In the public conversation about climate change, methane has gotten too little attention for too long. Many people may be unaware that humans have been spewing a greenhouse gas that’s even more potent than carbon dioxide into the atmosphere at a rate not seen in at least 800,000 years. It harms air quality and comes from sources as varied as oil and gas pipelines to landfills and cows. But methane and other greenhouse gases, including hydroflurocarbons, ozone, nitrogen dioxides, and sulfur oxides, are finally getting the attention they deserve — thanks largely to advances in the science. Read more.
Hearth & Home
Video
Why We Need Healthy Electric Homes
PSR Colorado

The short video, “Why We Need Healthy Electric Homes”, is designed for advocates to share with decision-makers, utility providers, agencies, and contractors to promote better access to, and use of, clean electric heating and cooking technologies as healthier, less-polluting alternatives to gas. To learn more go to https://www.psrcolorado.org/ or write to them at info@psrcolorado.org. Watch the video.
By Bruce Sullivan, Zero Energy Project, July 19, 2021

Zero energy homes have many advanced features and systems. After you have your very own zero energy home, you’ll want to keep it operating at peak efficiency. Fortunately, home maintenance for these homes is not more difficult or time consuming than for conventional homes. Read more.
Cold Climate Heat Pumps
Cape Light Compact offers Electric Heating & Cooling Rebate Program

Cold Climate Heat Pumps are one of the most efficient ways to cool and heat your home. Cape Light Compact offers a number of options and rebates to help you upgrade or switch to Heat Pump Technology. Looking for heat pump rebates for your business? Check out CLC offers here.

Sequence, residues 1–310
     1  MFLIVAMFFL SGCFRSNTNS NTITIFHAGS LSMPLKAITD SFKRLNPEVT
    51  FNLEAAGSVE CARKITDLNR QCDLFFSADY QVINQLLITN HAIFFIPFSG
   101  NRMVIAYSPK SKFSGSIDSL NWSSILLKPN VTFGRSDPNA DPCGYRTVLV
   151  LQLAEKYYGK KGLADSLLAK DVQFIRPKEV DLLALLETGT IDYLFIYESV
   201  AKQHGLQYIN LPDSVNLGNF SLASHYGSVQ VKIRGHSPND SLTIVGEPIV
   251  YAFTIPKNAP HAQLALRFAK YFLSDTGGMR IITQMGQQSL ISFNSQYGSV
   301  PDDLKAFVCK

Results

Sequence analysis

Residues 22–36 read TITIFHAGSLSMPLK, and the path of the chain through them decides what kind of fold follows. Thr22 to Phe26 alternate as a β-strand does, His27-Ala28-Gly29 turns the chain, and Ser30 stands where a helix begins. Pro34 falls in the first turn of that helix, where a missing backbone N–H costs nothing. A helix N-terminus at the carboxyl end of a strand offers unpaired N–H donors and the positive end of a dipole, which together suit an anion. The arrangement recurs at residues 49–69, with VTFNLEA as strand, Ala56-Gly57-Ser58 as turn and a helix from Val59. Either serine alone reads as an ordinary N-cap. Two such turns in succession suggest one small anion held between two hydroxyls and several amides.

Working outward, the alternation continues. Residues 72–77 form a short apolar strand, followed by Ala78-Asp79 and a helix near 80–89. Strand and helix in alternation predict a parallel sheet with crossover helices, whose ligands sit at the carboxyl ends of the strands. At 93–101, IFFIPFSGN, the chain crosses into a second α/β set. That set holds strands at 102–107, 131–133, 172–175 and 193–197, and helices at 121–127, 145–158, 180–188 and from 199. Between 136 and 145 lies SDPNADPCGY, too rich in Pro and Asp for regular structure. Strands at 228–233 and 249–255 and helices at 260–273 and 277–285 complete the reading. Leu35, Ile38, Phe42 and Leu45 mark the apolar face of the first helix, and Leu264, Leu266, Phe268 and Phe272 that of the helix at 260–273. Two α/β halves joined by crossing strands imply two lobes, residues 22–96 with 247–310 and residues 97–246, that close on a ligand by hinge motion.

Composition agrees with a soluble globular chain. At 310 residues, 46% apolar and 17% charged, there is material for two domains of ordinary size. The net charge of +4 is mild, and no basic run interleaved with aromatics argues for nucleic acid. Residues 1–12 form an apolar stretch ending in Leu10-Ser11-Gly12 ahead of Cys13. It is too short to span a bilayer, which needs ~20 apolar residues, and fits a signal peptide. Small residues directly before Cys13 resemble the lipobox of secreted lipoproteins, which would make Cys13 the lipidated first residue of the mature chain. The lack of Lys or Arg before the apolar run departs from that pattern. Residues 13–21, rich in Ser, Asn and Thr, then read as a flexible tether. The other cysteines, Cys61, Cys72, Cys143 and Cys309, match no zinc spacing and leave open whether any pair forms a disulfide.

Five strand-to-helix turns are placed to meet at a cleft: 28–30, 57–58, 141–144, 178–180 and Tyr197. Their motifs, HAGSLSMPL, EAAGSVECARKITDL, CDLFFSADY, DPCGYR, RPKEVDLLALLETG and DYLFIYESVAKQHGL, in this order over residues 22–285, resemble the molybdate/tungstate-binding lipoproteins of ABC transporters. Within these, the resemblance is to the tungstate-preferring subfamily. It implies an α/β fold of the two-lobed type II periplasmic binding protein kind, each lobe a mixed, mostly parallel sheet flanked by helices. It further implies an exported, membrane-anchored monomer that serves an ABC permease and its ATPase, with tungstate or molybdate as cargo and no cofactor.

Transportation
Exclusive: Strange bedfellows come together on EV charging
By Andrew Freedman, Axios, August 11, 2021

A new initiative from a diverse array of groups from the Natural Resources Defense Council (NRDC) to the Edison Electric Institute and major automaker trade organizations is launching Wednesday. What to watch: Its goal is to mobilize private capital and forge public-private partnerships to rapidly accelerate the deployment of electric vehicle charging stations and related infrastructure nationwide.

Why it matters: The group, known as the National EV Charging Initiative, counts among its members electrical workers who will help supply and install the infrastructure to power EVs as well as advocates who are focused on addressing racial, economic and environmental inequities.Between the lines: The 24 signatories of the MOU include some strange bedfellows, including unions, electrical utilities and environmental groups that have sparred in the past over other issues.